But certainly, the most anticipated opening game locally is Fort Loramie and Minster, two schools separated by five miles, but brought together by a lifetime of family relationships and the pride of Loramie, being one division down (Div. VII) holding its own against Minster (Div. VI), and state champion in 2014 and ’17.

“It’s a big game for us, without a doubt,” said second-year coach Spencer Wells on opening week of fall camp.

“There’s a lot of interest and a lot of tradition between the two schools. I think about last winter’s girls basketball game with Minster, and every seat in our gym was full.  Our kids have a lot of pride in the way we compete, and especially when we play Minster. It should be good, and it should be fun.”

Minster won this game last year, 34-14, in a contest where Loramie never really got into a rhythm – a play short here and there, and mistakes more than aided Minster’s cause.

“The game was closer than the score, I really believe that,” said Wells. “We just needed to play better, and they hit a couple of big plays on us.  But when we watch the films, even the kids say we’re not the same football team we were then.  We’ve grown a lot as a program, being in last year’s state semi-final game.”

“Last year’s game was my first as a head coach, and I really think it was closer than the score indicated,”  says Loramie’s Spencer Wells.  “But we’re not the same football team as we were then.”

And no doubt they will be a different team on Friday, this time as the visiting school against Geron Stokes’ Wildcats, who won eight of twelve games last year before losing in the second round of the post-season to Convoy-Crestview.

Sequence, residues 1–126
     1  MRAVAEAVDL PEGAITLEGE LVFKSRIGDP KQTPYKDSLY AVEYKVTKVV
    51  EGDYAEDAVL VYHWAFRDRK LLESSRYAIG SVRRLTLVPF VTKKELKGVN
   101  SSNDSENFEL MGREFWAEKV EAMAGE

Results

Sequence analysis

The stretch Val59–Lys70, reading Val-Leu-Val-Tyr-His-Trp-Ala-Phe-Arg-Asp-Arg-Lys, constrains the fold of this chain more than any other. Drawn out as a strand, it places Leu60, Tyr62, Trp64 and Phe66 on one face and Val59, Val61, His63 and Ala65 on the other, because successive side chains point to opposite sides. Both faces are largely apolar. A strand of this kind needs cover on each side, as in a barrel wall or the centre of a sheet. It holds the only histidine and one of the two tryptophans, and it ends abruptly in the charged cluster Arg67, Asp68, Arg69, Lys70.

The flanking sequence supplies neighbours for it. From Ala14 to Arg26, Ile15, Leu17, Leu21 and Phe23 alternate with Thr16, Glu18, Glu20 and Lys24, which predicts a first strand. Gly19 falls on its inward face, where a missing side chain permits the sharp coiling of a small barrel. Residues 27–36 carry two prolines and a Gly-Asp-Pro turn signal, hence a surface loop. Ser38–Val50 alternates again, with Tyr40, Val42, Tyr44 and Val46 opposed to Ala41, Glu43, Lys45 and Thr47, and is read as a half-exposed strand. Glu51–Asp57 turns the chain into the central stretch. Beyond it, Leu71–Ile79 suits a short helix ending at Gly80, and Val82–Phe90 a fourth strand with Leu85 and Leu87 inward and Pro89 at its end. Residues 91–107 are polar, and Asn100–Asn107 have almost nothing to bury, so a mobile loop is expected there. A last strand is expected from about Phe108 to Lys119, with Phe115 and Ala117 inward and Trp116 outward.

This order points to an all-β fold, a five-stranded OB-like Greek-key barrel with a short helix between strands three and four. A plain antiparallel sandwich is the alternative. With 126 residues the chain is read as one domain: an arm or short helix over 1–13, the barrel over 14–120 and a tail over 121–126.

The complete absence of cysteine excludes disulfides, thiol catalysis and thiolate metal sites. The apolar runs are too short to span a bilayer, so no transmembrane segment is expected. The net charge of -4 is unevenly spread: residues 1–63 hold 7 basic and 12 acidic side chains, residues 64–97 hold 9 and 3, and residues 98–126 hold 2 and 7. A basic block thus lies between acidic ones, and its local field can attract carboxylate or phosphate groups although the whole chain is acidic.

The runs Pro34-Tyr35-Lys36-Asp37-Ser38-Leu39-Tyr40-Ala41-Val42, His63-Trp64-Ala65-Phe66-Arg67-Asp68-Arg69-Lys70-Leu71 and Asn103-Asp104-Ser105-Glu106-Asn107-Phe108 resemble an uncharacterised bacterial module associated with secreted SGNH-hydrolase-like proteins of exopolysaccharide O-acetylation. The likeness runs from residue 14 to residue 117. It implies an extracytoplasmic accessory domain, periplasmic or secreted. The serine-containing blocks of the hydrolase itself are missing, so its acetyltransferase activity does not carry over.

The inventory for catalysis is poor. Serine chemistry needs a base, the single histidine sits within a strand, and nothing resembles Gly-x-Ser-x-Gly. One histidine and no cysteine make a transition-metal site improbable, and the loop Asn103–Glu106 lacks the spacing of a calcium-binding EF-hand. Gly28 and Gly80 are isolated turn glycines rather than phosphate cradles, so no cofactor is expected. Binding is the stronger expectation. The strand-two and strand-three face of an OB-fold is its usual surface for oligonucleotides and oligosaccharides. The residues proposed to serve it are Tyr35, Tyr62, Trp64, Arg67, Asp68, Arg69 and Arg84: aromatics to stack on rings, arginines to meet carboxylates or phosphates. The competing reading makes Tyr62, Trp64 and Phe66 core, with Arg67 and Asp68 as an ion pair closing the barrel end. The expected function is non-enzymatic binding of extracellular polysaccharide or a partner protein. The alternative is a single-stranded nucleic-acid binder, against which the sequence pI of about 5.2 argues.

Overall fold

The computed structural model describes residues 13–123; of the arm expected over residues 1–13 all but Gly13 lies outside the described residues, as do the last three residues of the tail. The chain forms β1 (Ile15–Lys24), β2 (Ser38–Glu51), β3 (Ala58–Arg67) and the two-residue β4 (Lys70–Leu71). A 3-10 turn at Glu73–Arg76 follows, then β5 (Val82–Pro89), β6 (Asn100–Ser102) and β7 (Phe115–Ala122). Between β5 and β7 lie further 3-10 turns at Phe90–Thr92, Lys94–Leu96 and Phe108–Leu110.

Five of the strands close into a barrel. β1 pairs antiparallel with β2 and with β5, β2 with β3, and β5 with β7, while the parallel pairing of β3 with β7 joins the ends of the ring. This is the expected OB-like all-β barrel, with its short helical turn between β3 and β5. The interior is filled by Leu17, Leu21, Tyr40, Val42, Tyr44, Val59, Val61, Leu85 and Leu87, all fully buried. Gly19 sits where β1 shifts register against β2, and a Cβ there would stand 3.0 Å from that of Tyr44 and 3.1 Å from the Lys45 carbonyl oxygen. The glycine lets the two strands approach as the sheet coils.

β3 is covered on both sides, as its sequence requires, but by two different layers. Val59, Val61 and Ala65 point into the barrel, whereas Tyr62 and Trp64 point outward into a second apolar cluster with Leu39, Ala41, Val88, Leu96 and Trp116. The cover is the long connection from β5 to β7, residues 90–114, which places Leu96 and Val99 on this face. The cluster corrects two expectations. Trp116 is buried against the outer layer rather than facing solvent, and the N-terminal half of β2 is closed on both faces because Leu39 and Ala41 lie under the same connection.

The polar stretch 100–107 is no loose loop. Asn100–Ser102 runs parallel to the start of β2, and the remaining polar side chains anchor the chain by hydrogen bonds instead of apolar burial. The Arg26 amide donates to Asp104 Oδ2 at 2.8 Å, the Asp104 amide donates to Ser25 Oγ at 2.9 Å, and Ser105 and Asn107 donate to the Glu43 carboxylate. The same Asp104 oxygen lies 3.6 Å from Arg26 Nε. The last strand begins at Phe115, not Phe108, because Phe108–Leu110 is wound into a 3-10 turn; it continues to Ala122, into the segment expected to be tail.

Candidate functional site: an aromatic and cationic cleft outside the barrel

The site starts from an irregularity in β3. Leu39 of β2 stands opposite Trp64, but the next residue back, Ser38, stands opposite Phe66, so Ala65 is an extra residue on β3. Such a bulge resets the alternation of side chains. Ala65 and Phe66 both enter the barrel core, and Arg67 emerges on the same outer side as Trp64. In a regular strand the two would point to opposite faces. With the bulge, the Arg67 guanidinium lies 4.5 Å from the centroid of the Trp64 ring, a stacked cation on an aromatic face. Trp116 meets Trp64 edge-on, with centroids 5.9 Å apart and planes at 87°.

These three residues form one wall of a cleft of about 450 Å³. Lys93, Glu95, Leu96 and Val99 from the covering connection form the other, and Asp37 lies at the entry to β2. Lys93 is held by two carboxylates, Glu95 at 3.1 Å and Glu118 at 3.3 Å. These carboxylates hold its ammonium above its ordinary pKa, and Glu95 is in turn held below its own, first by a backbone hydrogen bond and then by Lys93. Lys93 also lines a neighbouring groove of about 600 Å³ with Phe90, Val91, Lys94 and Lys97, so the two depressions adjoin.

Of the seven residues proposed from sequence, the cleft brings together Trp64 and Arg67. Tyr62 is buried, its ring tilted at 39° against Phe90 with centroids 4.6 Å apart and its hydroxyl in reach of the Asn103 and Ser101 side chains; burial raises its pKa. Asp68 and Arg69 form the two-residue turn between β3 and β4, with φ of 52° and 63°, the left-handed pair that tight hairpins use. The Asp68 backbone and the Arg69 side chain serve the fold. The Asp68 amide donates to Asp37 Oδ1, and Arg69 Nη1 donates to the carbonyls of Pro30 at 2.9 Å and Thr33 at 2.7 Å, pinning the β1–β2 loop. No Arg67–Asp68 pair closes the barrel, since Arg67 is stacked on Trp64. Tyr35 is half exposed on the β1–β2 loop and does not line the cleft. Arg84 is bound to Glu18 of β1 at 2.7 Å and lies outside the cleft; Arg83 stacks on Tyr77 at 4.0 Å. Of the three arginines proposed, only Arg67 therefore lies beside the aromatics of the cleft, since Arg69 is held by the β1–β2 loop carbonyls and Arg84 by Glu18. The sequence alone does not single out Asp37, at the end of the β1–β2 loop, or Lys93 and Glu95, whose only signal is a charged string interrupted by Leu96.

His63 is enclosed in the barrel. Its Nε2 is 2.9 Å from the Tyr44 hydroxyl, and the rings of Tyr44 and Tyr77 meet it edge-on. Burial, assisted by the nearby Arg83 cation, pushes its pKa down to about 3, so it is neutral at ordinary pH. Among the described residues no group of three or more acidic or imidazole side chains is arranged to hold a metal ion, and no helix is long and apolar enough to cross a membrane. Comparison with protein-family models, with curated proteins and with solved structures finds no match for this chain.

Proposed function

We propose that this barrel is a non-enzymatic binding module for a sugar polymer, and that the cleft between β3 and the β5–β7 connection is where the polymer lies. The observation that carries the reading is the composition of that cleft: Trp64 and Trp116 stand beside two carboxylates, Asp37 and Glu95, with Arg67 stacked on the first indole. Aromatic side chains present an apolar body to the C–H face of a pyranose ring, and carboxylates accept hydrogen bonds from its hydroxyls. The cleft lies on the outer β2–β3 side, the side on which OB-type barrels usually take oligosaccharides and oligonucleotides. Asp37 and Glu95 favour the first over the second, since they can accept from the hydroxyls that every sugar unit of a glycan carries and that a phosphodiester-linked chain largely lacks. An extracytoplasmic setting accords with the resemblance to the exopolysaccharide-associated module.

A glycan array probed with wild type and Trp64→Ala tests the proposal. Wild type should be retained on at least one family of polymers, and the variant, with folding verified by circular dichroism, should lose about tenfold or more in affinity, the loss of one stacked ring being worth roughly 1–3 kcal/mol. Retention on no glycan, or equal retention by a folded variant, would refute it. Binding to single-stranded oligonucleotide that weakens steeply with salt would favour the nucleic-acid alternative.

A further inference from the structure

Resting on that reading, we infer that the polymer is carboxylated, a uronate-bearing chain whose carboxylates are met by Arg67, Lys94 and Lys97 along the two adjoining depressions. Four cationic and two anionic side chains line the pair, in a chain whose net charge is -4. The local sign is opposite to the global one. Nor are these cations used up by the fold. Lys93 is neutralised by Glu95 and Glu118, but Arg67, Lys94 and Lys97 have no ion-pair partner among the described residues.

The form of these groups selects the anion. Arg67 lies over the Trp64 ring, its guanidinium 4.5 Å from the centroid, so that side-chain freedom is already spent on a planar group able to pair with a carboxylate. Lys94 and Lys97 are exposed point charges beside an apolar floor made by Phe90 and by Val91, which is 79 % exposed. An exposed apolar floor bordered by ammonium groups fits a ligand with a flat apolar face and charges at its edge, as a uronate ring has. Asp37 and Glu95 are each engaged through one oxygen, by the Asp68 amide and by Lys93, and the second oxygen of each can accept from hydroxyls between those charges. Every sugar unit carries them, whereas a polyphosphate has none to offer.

“Actually, I like this game because it’s a perfect challenge right off the get-go,” says Stokes. “You have to be at your best in games like this or you get beat.”

But the numbers should give Stokes some comfort. Since 2014, the year of his first state championship, he and the Wildcats have gone 5-0 against Loramie, with a couple of shutouts, and the Redskins’ closest challenge came in 2016 when they lost 26-20 in overtime. Prior to that, Loramie’s last win in the series came in 2013, 21-18.  But he takes no comfort in the past, admitting that the fact of Minster-Loramie, and its significance, is largely lost upon him.

‘You know, I’m from Urbana, so the whole business about Minster and Loramie…I really don’t understand the dynamics. Honestly, I know our kids have a great urgency about this game, but I don’t know if it being Loramie is what creates that, if it’s a matter getting ready for the rest of our schedule, or if it’s the just nature of our program.  I just don’t know.

“I’d like to think that having an opening game like this as an opener creates an urgency for the rest of the year and everything you do…how you lift, how you live, how you run, and how you practice. Can it help you as a team, can it make you more unselfish as a team member…all that stuff plays into this opening game.”

And, if you’re talking about urgency from Loramie’s position, you don’t need much more than to remember 34-14, 20-0, 26-20, 41-7, and 34-0.

You don’t need to know much more than Minster has played football for generations.  Counter that, in Loramie’s case, with just a single generation, but that hardly matters in 45845.

And to those around the state who can cite better games and better margins, win or lose, you simply don’t know the history…which is the great irony of this game regarding Geron Stokes. This is Minster vs. Loramie on opening night.

Enough said!